I’ve been thinking quite a bit about what schools can do to better support new teachers. We’ve had our fair share of transition in our math department over the years I’ve been at my school. Math seems to get hit hard at a lot of independent schools near me, in fact. Is this due to lack of support? Lack of guidance? Too many responsibilities? Poor training?
This year, I went with one of our new teachers to Independent Education’s Teacher-Mentor Learning Institute. I actually went to this program 8 years ago myself, as a new teacher. The program has evolved since that time, and now each session includes teachers and their mentors for the full day. I like that model – fostering partnerships in the teacher-mentor team. I think creating a culture of teacher-leaders and lead learners within our schools is such an important one, and I was very happy to learn more about mentoring and how I can be a better support.
In the program, we met a total of 4 times. Each session had a specific theme. We were also assigned reading from 2 books: Making Thinking Visible by Ron Ritchhart, Mark Church, Karin Morrison and Fierce Conversations by Susan Scott. I took notes throughout my time there, which you can view here if you are interested: http://wp.me/p1EGO9-lc
But after the sessions, I came away thinking — why don’t we do a program like this with second and third year teachers? How can we promote the idea of teacher leaders within our schools? Our best principals are those who embody the notion of lead learner – they are continually looking for growth and sharing opportunities, ways to influence culture and improve what’s around them. The Teacher-Mentor Institute I attended was aimed at teachers in their first three years at a school, but nearly all mentees were either brand new teachers or new to their school (or new to independent schools). I certainly left my last session thinking how much more effective the program would have been had I attended with my mentee from last year, who is now in her 2nd year at our school and her 3rd year teaching. And (at my school at least) we have a new teacher program for 1st year teachers. But by the time they get to their second year, there is no formal program for them. How much more effective would that program be if it extended 3 years? Not only would this continue their opportunity to learn, but it would also develop a culture of sharing, reflecting, and giving back early on. I am lucky in that my mentee from last year and I co-teach a course, so our partnership has continued. Our discussions are much more substantial this year and we actually have the opportunity to talk about best teaching practices and reflect on things we’ve learned, areas in which we have grown, and things we are looking to do better in the future. Last year, as her official mentor, she was just trying to get through the first year! I did my best to walk her through the fundamentals, teach her the ropes, and keep her swimming. As all teachers know, things can get crazy hectic at school and the first year is a juggling act!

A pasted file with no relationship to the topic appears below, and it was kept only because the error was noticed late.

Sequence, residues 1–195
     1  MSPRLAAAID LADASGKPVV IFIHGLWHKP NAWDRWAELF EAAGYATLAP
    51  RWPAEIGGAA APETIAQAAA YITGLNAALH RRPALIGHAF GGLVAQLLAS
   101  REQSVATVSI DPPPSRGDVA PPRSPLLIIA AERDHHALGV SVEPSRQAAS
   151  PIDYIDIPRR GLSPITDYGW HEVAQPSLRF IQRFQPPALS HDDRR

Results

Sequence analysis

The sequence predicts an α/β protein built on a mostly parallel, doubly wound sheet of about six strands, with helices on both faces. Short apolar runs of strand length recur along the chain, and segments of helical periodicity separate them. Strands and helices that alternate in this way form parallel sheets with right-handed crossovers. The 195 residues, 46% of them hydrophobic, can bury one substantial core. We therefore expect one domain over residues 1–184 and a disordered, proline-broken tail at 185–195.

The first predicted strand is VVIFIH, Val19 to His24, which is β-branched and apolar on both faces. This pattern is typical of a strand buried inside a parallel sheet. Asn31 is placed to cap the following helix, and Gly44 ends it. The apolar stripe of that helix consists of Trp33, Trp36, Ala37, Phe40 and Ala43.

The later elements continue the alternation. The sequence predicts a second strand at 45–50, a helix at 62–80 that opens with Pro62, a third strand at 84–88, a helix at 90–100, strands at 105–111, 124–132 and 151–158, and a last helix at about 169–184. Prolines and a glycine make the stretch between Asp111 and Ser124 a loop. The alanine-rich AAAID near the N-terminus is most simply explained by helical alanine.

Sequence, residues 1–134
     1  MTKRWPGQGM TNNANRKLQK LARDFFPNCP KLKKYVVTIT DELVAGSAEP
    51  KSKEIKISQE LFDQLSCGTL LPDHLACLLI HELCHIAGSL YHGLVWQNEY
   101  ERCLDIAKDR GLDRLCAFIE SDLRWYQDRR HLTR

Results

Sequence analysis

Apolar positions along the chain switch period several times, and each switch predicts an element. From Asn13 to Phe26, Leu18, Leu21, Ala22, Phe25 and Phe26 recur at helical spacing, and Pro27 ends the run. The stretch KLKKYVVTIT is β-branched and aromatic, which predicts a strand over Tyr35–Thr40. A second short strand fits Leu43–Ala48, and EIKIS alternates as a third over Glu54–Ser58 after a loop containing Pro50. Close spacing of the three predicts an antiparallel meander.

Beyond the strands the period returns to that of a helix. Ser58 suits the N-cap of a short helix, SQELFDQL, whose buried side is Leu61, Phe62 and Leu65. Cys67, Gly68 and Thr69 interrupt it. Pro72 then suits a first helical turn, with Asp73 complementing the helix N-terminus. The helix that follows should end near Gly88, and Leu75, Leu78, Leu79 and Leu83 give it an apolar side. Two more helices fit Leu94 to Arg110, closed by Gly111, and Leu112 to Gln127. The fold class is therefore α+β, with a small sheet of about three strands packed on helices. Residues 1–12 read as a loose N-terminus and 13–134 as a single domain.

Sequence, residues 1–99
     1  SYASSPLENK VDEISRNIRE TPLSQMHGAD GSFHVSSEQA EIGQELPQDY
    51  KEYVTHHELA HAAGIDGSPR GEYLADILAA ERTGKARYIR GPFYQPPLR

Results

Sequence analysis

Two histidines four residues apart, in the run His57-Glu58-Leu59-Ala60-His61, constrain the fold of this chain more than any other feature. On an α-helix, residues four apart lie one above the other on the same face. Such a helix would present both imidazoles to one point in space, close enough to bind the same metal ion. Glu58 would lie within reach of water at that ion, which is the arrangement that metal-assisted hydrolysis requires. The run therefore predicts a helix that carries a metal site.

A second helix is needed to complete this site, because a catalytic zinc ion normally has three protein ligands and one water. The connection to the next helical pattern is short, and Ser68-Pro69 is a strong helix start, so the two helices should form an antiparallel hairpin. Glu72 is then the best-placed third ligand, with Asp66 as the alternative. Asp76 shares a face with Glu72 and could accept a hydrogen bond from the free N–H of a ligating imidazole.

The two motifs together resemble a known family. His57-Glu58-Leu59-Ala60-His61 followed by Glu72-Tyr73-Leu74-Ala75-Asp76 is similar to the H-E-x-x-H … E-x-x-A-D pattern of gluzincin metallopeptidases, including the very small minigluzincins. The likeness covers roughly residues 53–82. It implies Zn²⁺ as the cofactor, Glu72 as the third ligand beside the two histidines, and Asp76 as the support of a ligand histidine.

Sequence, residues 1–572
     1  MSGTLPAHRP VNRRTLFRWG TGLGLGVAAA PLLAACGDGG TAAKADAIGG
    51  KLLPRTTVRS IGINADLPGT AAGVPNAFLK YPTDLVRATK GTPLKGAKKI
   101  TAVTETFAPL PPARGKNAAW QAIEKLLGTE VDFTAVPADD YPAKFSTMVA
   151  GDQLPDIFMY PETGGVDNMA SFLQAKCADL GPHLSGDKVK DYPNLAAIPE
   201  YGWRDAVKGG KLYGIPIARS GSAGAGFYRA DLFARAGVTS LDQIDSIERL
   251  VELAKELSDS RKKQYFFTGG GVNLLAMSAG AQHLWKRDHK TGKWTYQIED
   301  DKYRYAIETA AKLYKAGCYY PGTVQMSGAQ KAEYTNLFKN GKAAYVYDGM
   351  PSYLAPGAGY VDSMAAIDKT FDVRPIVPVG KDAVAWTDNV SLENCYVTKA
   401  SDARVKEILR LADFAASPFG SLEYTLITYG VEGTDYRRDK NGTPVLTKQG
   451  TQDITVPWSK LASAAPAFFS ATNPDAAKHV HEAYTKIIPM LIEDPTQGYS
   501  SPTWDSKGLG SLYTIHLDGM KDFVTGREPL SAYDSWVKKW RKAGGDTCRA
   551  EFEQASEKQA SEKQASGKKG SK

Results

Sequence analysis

On this note of time, I’ve also thought about how we might be able to build a better culture of teacher leaders within our schools, who more formally took on the role or sharing, mentoring, and providing growth opportunities to colleagues. In my ideal world, we would see teacher leaders getting a reduced load/sabbatical semester in which they were tasked to truly give back to their school.
So after this very long intro… in which I got a bit carried away with my own thoughts… I’d love to hear other people’s thoughts! How do you support new teachers at your school? Do you know of schools who are modeling this practice well? What things do you wish would change? And what things do you think we are already doing well?